Lots of great pictures...love the dragonflies! On another note...I am nominating you for the One Lovely Blog award! I follow your blog regularly and feel it is wonderful and LOVELY so Congratulations-I am passing the award along to you! The rules to accepting this wonderful award are on my site at http://landscapedesignbylee.blogspot.com. If you feel you cannot comply with the rules of the award please accept this nomination in the sincere spirit in which it is offered.

Best, Lee

Cat said...

Such a nice recap of all you've been up to since your last post. And mighty busy you've been! Your garden looks like the loveliest of spots for an English tea. My favorite of all you spoke about was what your m-i-l Connie would think about your garden. I often wonder what will happen to mine when I leave here...will anyone care for it? Love it? Your m-i-l would be most pleased and proud of your accomplishments with her plot I'm sure. You've done a beautiful job.

Wife, Mother, Gardener said...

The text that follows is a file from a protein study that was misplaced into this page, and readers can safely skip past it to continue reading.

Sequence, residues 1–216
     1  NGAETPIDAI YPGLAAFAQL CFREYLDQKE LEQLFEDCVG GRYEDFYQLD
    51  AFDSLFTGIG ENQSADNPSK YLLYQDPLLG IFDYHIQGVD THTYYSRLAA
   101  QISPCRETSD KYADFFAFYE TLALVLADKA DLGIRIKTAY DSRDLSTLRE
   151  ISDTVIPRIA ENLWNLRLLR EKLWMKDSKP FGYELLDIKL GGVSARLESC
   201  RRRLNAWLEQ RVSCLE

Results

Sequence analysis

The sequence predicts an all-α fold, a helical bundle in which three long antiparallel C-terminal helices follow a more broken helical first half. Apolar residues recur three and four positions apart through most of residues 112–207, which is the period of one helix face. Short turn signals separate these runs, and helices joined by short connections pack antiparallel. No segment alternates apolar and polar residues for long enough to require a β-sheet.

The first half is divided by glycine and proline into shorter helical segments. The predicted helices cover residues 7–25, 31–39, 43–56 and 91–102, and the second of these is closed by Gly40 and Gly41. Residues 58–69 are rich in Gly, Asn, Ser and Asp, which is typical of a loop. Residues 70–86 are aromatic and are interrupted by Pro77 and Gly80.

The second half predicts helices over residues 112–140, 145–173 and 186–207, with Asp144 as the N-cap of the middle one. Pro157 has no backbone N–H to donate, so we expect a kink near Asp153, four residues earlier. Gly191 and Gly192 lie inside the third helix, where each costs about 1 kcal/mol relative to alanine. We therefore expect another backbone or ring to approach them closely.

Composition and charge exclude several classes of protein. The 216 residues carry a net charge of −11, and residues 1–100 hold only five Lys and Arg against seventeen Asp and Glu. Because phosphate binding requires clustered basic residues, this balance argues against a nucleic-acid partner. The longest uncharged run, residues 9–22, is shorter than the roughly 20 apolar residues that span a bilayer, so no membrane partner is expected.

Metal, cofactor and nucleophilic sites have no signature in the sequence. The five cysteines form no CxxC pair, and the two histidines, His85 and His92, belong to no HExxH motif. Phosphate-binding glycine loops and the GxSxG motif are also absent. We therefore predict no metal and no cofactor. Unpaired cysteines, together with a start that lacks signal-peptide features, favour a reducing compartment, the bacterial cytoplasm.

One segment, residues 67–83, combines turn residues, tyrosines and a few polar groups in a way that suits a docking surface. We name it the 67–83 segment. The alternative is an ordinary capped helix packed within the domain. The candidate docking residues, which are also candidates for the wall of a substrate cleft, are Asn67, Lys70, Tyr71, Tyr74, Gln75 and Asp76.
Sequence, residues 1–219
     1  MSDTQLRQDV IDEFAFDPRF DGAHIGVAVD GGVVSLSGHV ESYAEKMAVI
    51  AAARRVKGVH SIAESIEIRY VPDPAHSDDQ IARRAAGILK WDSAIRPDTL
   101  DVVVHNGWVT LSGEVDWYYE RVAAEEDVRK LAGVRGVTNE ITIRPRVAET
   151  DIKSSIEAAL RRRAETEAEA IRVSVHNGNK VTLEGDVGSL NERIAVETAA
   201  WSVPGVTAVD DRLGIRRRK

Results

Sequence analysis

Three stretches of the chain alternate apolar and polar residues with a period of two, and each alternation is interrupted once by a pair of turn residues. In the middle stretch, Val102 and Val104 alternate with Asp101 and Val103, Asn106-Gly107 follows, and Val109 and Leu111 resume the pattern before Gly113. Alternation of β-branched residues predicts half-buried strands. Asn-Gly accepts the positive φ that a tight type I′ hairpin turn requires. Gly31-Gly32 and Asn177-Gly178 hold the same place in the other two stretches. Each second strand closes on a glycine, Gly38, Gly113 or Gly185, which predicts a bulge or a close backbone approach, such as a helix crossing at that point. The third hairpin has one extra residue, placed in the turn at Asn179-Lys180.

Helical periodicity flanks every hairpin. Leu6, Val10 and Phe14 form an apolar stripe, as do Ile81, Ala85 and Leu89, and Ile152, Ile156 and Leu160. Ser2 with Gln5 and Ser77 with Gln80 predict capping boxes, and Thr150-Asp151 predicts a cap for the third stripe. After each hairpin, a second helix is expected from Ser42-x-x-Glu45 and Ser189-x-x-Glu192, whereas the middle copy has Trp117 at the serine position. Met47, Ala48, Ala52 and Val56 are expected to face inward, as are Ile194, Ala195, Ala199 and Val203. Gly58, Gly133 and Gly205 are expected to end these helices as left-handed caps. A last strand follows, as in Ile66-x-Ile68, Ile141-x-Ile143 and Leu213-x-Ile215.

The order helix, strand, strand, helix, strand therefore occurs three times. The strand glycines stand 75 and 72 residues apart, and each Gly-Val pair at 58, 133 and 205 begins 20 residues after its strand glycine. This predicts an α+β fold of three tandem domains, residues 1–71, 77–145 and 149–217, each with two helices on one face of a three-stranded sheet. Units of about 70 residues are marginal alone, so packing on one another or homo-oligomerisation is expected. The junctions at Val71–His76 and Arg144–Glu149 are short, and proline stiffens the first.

Pam, your garden is looking truly cared for and floriferous, especially for it being so dry! Mine is a bit ragged for sure.
I loved seeing your grandson making scones with you. That is the stuff of wonderful memories for him as well as you I am sure. I hope you enjoy a bit of rest this month. Thanks for posting!
~Julie

Jayne said...

Hi Pam. It's good to see you blogging again after your break. I laughed out loud when I saw the frog photo! Your gardens are looking wonderful. Mine is looking a little the worse for wear in the brutal heat we've been having.

Beth said...

Pam, Your gardens are beautiful. I really love your pond as well. I am enjoying looking back through the archives to get a good feel for your English cottage garden.
Blessings, Beth